• According to a new study, 74 percent of the participants were not aware of the breaches where there was documented evidence their information was compromised. 
  • While the study also found that most victims blamed themselves, researchers say the fault for data breaches almost always lies with poor cybersecurity practices by the company that lost control of the information, not with the victims of the breach. 
  • However, the reuse of passwords is also to blame. Participants admitted to using the same or similar passwords on multiple accounts. 
  • While researchers say notice of data breach letters are a great idea in theory, they believe the letters are generally not helpful in practice because poor communication by companies can make them hard to understand. 
  • To learn about recent data breaches, consumers and businesses should visit the Identity Theft Resource Center’s (ITRC) data breach tracking tool, notified
  • For more information, or if someone believes they are the victim of identity theft, consumers can contact the ITRC toll-free at 888.400.5530 or via live-chat on the company website www.idtheftcenter.org

No Darkness but Ignorance 

Welcome to the Identity Theft Resource Center’s (ITRC) Weekly Breach Breakdown for June 25, 2021. Our podcast is possible thanks to support from Experian. Each week we look at the most recent events and trends related to data security and privacy. This week, we will talk about some new research that tackles an issue we’ve been pondering at the ITRC for a while now: What do people do when they receive a notice of data breach letter? 

In Twelfth Night, Shakespeare wrote what was almost certainly a throw-away line: “There is no darkness but ignorance.” The line, referring to a character who was tricked into believing he only thought his jail cell was dark, was actually a reflection of Shakespeare’s belief that education and knowledge solves most ills. 

So, it is true today when it comes to the impacts of data breaches and the actions people take when they learn their identities have been compromised. That is to say, most people don’t know how many times they have been breached. When they learn their information is in the wild, they don’t do much about it. 

Many Consumers Are Unaware When Their Information is Involved in a Breach 

Researchers from the University of Michigan School of Information, along with colleagues at Georgetown University and Germany’s Karlsrhue Institute of Technology, published a study this week that found participants were not aware of 74 percent of the breaches where there was documented evidence their information was compromised. 

The researchers also found that most of the 413 study participants blamed themselves for becoming a victim of a data breach. Only 14 percent said the responsibility for the compromise was with other actors. Victims cited their own use of the same password for multiple accounts, keeping the same email for a long time and signing up for “sketchy” accounts as some of the personal behaviors they believe contributed to their information being breached. 

Researchers Say Victims Are Not Usually at Fault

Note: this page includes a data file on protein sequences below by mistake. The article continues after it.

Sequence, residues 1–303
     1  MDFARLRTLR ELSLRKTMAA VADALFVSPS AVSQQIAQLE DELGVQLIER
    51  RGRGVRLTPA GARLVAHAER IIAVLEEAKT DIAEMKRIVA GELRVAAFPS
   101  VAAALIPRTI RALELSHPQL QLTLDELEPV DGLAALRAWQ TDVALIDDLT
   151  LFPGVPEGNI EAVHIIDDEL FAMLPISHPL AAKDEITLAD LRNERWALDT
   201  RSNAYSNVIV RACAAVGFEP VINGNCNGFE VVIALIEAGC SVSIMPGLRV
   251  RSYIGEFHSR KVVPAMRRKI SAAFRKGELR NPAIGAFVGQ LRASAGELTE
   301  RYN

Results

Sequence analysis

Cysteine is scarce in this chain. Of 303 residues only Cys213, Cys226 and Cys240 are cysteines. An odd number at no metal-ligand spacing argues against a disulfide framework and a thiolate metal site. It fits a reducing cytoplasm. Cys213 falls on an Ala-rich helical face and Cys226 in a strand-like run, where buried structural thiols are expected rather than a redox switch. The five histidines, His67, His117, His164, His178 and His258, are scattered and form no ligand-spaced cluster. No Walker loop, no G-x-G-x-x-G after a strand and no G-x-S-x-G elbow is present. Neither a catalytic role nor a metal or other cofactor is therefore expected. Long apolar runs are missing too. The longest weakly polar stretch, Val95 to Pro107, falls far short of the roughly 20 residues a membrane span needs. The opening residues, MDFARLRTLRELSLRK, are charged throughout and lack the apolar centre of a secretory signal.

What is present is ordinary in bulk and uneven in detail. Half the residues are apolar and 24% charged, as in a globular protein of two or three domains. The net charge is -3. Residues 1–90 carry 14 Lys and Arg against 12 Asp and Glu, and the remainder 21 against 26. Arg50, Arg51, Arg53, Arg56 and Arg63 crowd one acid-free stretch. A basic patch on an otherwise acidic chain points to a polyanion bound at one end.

However, the researchers point out that the fault for data breaches almost always lies with poor cybersecurity practices by the company that lost control of the information, not with the victims of the breach.  

This study supports the conclusions of a smaller report from the Carnagie Melon University’s CyLab from May 2020. That study of data breach victims focused on what happened when consumers received a notice of data breach letter. The short answer is “not much.” 

Reuse of Passwords is Also to Blame  

In the Carnagie Melon study, two-thirds of the participants who received data breach notices of compromised email accounts did not change their passwords. Only 13 percent of the breach victims who did change their passwords did so within the first three months following the breach announcement. What is most concerning is the updated passwords were often weaker than the previous passwords that were compromised. 

As in the University of Michigan study, participants admitted to using the same or similar passwords on multiple accounts. The Carnagie Melon cohort had an average of 30 other passwords that were like the breached password. On average, those who changed a breached password changed less than three of the 30 similar passwords. 

Notice of Data Breach Letters May Not Be Very Helpful  

One other common element of the two studies: both sets of researchers believe that notice of data breach letters are a great idea in theory, but are generally not helpful in practice. They believe poor communication practices by companies render the notices difficult to understand and don’t offer any practical advice. 

Contact the ITRC 

That’s not a problem at the ITRC. If you have questions about how to keep your personal information private and secure, visit www.idtheftcenter.org where you’ll find helpful tips. You can also sign-up to receive our regular email updates on identity scams and compromises. Look out for our analysis of data breaches in the first half of 2021 that will be released on July 7.